Live Music – Beer – Pool. That’s what the sign on the door
says at Ginny’s Little Longhorn Saloon at
Rd and for over 40 years that’s what they’ve
always served up. Located between Arbor Auto Works and Texas Futon on west side
of Burnet Rd, it’s one of
those places that doesn’t call out much attention. Most people probably drive
by it and never notice. But it has a loyal following and can pack them in when you
have bands like Dale Watson playing.
It hasn’t always been called the Little Longhorn Saloon, but
Ginny Kalmbach, the owner says that’s what it was called when she started
working there in 1981. The fact that Ginny is a die-hard Longhorn fan is just
coincidental. She and her husband Don took over as owner when the original
owner, Dick Setliff died in 1993. Dick bequeathed the small honky tonk to her
presumably in appreciation of her having taken care of his wife who had become
sick with cancer and died years earlier. Don Kalmbach, Ginny’s husband, passed away in 2002.
It’s a small honky tonk but for some of the regulars, it’s a
neighborhood bar. The place has an almost cult-like following from those near
and far. (Here’s a link to some letters from the bar’s fan base.) It won the
Austin Chronicle’s Best Friendly Bar award in 2002. When I arrived early
evening on a Tuesday, a group of folks were sitting around a table
Ginny, who doesn’t smoke or drink, didn’t let the small size
of the place stop her from bringing in live music when
she took over the saloon in 1993. The music is country and the most popular band is
Dale Watson. For many years he has played there every Thursday and Sunday night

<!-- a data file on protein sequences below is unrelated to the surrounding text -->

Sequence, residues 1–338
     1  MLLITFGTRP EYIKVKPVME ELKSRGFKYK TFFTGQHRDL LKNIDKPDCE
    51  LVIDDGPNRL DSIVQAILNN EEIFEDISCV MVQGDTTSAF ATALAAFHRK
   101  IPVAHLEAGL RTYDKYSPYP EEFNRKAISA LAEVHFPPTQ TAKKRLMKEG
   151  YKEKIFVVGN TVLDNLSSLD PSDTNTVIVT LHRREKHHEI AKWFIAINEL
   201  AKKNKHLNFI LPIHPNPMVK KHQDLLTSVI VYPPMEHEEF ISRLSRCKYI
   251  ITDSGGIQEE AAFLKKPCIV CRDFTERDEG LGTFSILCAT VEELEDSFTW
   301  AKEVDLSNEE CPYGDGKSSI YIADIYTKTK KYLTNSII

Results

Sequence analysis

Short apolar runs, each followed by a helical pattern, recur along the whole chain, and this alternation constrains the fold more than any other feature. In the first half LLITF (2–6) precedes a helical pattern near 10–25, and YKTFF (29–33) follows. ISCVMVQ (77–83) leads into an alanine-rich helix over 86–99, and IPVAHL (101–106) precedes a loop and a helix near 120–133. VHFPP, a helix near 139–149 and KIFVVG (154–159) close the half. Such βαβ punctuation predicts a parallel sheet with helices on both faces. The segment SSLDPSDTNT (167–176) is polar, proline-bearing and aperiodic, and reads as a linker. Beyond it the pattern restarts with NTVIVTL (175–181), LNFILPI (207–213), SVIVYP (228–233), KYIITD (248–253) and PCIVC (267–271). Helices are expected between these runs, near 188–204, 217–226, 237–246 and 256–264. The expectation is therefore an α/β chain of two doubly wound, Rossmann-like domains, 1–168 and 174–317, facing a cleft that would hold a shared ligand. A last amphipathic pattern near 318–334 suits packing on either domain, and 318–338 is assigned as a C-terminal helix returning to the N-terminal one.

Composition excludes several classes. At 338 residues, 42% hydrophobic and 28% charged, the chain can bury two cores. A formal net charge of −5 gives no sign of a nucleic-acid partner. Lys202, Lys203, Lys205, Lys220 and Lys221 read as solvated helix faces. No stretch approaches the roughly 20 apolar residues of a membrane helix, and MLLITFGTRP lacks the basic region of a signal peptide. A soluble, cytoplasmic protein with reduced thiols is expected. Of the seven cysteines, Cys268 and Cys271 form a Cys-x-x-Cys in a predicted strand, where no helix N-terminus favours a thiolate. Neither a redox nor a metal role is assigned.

when he wasn’t traveling. And when he is traveling he doesn’t hesitate to tell
people about the Little Longhorng Saloon back in
Ginny says she’s received a number of letters over the years from Europeans who
have visited the bar while in
include Justin Trevino, Roger Wallace, and Billy Dee (see recent Statesman article
The photo on the left shows the wall behind her corner stage with pictures of
many of the bands that have played there over the years.
Given that it’s SXSW week, I asked whether she was hosting
any of the 1,400 bands in town as part of the event. She had been asked in the
past but wasn’t interested in all of the commotion that came with it. For the 3
or 4 days of the event, bands are constantly setting up and breaking down their
equipment. It’s not worth the trouble. No surprise, the Little Longhorn Saloon strikes me as the place to
escape when the festival descends on the city.
The Little Longhorn Saloon is a small,
narrow place. When
you walk in the door the pool table is right there. I imagine this can
a pool shooter’s concentration. The size of the place doesn’t stop
dancing though. And she brings in a mix of clientele: old, young,
bikers, country western lovers, students, UT football players on
the curious. I asked Ginny if she had any old photos of the place. She
me the one to the right from a book entitled “Genuine Texas Handbook,”
Rosemary Kent. The book was published in 1981. No telling how old the photo is.
Looks like it was taken before they had paved the parking lot.
The Little Longhorn Saloon hasn’t changed much over the
years. As Ginny put it, the only thing that’s different is the beer selection and the neon
signs promoting it. Lone Star, by far, is her most popular beer and that
hasn’t changed over the years.
Ginny’s is open 6 days a week (Tues –
Sun) from 9 a.m. to 2 a.m.. Go there for live music, beer, pool and
good company. There’s never a cover. In addition to beer and wine
Ginny’s offer setups. They don’t have a kitchen so food is pretty much
snacks. Allandale, the only neighborhood in the world with a Little